Could suicide have been avoided?
A tragic death in Hale County might have been prevented if information on reduced price prescription drugs was available to all the residents of the Black Belt.
Wendell Taylor, 61, of Akron, committed suicide Saturday at his residence, according to the Hale County Sheriff’s Department.
A neighbor discovered Taylor still alive at approximately 8:30 a.m. Saturday after an apparent self-inflicted gunshot, said Hale County Sheriff Larry Johnson. The neighbor called 911, and Taylor was rushed to DCH Regional Medical Center in Tuscaloosa. He was pronounced dead at DCH.
Taylor had "a lot of physical problems," Johnson said. He had reportedly made a statement to friends about killing himself and had told them he was "paying a fortune for prescriptions." Sheriff Johnson had in his possession a large sack of prescription drugs that had been recovered from Taylor’s residence.
His drug bill was reportedly running $1,300 to $1,400 a month.
A program exists in Greene and Hale Counties for reduced prescription drugs. Senior RX is a program for seniors age 60 or older through West Alabama Planning and Development Council Area Agency on Aging. Those interested in Senior RX must not have any other prescription coverage, said Melanie Allen, director of the program. "They need to have a chronic medical condition (where) they’re taking life-sustaining medication. They must be a legal resident of the State of Alabama. Their annual household income, for a household of one, cannot exceed $18,000 and $24,000 for two."
For those residents under age 60, the West Alabama Planning and Development Council can provide information for residents to apply to the pharmaceutical companies, Allen said. "Most major drug companies provide free medication," she said. "…In essence $2 billion of free medication is given away annually."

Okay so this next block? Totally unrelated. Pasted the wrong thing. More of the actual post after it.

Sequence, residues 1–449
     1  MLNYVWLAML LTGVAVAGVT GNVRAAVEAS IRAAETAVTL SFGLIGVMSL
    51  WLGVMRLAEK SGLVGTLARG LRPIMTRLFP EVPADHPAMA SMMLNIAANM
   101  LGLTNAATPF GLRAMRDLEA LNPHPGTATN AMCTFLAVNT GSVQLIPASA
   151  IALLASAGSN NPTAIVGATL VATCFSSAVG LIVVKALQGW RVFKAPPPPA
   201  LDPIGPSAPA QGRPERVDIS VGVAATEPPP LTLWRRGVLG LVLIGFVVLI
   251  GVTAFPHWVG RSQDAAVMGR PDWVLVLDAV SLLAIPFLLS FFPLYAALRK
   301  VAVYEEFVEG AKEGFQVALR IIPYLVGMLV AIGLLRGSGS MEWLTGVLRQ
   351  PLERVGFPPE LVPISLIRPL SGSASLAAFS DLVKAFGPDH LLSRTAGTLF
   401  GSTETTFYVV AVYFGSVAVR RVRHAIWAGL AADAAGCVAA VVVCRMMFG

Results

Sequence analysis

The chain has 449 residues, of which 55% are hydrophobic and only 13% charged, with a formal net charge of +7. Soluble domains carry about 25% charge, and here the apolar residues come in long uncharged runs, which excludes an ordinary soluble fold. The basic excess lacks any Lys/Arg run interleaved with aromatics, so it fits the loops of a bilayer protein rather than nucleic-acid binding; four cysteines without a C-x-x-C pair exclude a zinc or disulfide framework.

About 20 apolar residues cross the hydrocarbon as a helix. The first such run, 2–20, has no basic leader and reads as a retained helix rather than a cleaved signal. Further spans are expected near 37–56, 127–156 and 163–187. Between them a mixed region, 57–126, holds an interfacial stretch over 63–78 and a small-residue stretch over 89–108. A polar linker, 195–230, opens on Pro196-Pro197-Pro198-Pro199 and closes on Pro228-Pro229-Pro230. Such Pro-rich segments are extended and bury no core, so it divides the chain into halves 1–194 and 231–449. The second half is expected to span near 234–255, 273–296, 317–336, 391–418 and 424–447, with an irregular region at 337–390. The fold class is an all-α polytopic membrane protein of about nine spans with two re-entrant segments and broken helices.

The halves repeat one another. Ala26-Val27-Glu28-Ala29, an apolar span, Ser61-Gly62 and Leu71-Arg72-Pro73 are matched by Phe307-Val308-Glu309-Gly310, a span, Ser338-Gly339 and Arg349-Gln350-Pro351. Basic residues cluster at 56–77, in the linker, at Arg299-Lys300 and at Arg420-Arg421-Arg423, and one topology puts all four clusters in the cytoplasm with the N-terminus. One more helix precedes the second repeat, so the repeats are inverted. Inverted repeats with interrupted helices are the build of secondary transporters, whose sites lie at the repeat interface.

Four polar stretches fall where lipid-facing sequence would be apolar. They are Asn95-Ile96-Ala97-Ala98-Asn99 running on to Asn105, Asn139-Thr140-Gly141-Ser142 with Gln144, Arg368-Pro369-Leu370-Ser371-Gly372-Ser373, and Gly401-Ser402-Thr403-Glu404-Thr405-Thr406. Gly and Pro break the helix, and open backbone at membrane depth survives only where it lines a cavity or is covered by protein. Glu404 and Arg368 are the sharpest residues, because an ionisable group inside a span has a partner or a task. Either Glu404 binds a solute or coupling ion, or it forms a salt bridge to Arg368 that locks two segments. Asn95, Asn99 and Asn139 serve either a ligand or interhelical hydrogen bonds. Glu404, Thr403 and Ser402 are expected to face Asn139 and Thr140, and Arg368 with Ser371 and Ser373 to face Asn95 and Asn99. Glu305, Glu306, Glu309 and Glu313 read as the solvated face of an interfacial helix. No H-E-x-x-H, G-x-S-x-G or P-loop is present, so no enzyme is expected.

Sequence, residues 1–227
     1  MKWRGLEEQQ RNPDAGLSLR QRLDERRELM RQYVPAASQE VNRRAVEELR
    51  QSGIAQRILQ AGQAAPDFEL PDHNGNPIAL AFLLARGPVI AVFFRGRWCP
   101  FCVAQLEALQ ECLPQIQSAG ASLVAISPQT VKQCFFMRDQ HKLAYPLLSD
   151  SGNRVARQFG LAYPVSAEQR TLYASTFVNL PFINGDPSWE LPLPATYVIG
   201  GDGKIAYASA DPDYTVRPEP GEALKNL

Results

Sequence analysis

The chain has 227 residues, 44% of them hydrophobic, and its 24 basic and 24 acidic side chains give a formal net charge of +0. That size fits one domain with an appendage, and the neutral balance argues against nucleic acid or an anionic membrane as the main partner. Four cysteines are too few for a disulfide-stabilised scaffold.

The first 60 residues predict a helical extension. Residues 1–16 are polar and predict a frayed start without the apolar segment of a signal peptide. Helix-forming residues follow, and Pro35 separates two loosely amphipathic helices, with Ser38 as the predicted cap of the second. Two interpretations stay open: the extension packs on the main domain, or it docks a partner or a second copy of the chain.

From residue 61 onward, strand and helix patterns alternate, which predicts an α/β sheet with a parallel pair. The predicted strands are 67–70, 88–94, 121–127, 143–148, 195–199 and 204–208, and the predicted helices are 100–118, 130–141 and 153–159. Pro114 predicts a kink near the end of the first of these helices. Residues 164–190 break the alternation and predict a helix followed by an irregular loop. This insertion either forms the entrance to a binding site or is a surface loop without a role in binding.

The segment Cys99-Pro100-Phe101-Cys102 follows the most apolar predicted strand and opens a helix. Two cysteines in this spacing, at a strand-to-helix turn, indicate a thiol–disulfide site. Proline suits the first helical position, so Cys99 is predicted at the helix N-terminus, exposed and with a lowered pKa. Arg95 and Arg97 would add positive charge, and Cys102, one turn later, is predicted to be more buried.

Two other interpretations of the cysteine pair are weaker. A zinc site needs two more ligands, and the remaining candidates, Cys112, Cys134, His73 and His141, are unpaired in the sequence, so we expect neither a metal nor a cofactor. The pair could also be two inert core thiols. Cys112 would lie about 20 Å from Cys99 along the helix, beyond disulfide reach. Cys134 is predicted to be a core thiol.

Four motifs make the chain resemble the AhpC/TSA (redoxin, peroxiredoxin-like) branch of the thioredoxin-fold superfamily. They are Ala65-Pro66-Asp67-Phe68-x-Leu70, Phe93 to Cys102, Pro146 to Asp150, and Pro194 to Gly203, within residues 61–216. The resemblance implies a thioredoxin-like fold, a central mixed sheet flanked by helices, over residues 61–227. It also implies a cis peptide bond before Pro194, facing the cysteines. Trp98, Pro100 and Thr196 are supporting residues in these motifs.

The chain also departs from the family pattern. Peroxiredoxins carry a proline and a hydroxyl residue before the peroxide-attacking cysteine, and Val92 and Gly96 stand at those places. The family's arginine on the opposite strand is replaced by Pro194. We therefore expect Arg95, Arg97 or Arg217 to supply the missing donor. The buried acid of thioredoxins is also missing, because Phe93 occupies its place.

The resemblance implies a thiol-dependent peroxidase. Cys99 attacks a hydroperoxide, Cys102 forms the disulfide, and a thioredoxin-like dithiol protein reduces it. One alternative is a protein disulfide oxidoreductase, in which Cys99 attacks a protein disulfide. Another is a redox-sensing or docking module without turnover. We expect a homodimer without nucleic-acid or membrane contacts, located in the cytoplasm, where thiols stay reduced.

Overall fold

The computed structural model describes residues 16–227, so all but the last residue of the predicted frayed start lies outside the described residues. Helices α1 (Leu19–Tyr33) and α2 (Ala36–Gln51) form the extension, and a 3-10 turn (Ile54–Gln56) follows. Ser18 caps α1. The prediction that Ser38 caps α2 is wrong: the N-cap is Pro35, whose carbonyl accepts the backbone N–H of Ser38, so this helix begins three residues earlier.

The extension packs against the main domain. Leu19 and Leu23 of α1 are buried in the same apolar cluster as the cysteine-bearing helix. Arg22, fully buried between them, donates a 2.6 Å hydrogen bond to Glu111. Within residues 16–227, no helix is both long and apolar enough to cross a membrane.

People will learn about generic drugs and what samples are available from drug companies, Allen said.
Residents in Marengo, Perry and Sumter Counties can contact Senior RX coordinator Beth Black at the Alabama-Tombigbee Regional Commission in Camden at 1-800-243-5463 for assistance.
Also in Marengo County, West Alabama Mental Health Center is the working with the county health department and the Department of Human Resources to administer a Medication Assistance Program with funding from an Alabama Delta Rural Health Grant.
Just with mental health clients, WAMHC currently helps up to 125 people receive reduced or free medication, said Patricia Moore, assistant director. In the overall community, there is a need to help people who take high blood pressure or diabetes medicine.
For more information on medication assistance in Hale County, call 1-205-333-2990 and in Marengo County, call Monique Birl at 1-334-289-2600.
Birl is on site Mondays at the West Alabama Mental Health Center in Demopolis, Tuesdays at the Department of Public health in Linden and Wednesdays at Bryan W. Whitfield memorial Hospital.